Fast progress is being made implementing the nation’s massive infrastructure spending law, but challenges remain, according to White House infrastructure czar Mitch Landrieu and three industry leaders who spoke at a Cornell-sponsored event in Washington, DC this week.
The event at the American Enterprise Institute (AEI) was organized jointly by AEI and the Cornell Program in Infrastructure Policy (CPIP) at the Cornell Jeb E. Brooks School of Public Policy. CPIP academic director Rick Geddes moderated the discussion. He is also a Nonresident Senior Fellow at AEI.
Congress passed the Infrastructure Investment and Jobs Act nearly one year ago and Landrieu noted the size and scope of the law is unprecedented. “It’s $1.2 trillion, that’s a big number, it’s a lot of zeros, it’s the biggest thing we’ve done in terms of direct federal investment since President Eisenhower’s bill built the interstate highway system,” Landrieu said. “So, we really have to think about what it is that we want to build, where we want to build it, who is going to do it, when is it going to get done by, and what we want it to look like and hope we come in on time, on task and on budget.”
Geddes peppered his questions to Landrieu with references to New York state projects and to his CPIP research and teaching. He described the potential of P3 partnerships between governments and the private sector to build public infrastructure. “I tell my classes this, the United States is behind in innovating partnerships between the private sector and the public sector,” Geddes said. Landrieu agreed.
Landrieu is a former mayor of New Orleans with an official title of White House Senior Advisor and Infrastructure Implementation Coordinator. He is implementing a law that funds construction of roads, bridges, airports, ports, waterways, high speed internet, environmental cleanups, and building a green energy economy. “I think it is going pretty well,” Landrieu contended, noting that $180 billion has already been spent and five thousand projects are under construction.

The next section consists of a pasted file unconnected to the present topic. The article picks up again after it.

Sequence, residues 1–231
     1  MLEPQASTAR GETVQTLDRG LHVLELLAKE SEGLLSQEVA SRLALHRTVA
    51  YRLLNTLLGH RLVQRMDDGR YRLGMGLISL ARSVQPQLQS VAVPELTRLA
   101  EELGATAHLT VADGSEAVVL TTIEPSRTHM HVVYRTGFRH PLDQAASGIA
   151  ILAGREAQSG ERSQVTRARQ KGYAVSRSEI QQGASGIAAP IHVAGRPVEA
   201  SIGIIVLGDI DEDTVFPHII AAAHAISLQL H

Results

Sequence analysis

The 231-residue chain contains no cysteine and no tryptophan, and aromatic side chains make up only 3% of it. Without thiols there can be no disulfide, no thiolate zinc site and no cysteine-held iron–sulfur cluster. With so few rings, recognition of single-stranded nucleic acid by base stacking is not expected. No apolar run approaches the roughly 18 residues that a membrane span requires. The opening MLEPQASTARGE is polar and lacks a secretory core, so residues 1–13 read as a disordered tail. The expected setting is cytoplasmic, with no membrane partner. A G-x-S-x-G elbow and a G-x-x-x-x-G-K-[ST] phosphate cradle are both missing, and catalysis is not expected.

He cautioned, though, that there are challenges. Those include quickly securing building permits, getting technical expertise to rural areas and small towns, and hiring and training a specialized workforce.
After Landrieu’s remarks, Geddes moderated a panel discussion with three industry leaders.
Jeff Weiss ’79, a CPIP board member and member of the Cornell Trustee Council, highlighted the clean energy development funded by the infrastructure law and the subsequent passage of the Inflation Reduction Act. “The laws are important because they’re giving us rocket fuel and the rocket fuel is critically important to accelerate the transition to a more sustainable energy supply,” Weiss said. He serves as Executive Chairman of Distributed Sun, a solar and renewable developer that builds community and utility solar farms and helps Fortune 500 companies mitigate greenhouse gas emissions.
Jim Tymon, executive director of the American Association of State Highway and Transportation Officials, praised the work of the Biden Administration in securing bipartisan support in Congress for the infrastructure bill. “We think this bill provides a great foundation and platform for us to build a safe, sound and smart transportation system so that it can be resilient for generations to come,” Tymon said.
Patrick Foye, former chairman and CEO of the Metropolitan Transportation Authority (MTA) in New York City, echoed Landrieu’s concerns about the labor supply necessary to carry out the projects now in the planning stages. Foye currently serves as CEO of ASTM, a P3-focused firm that specializes in greenfield projects. “Infrastructure jobs aren’t jobs, they’re careers,” Foye said. “They’re high paying jobs with quality benefits and the opportunity to have a lifetime job and a job in which challenges increase. It’s not only construction, but also technology, it’s cyber, it covers a broad spectrum of the US economy.”
AEI videotaped the discussion. It can be seen here and it was also aired by CSPAN.
Landrieu and the panelists are the most recent high-profile guests to speak at CPIP events. Drawing expertise from more than a dozen Cornell departments and schools, CPIP researches and analyzes policies that influence the delivery of infrastructure projects – from their selection, funding and financing through design, permitting, construction, operations, and maintenance.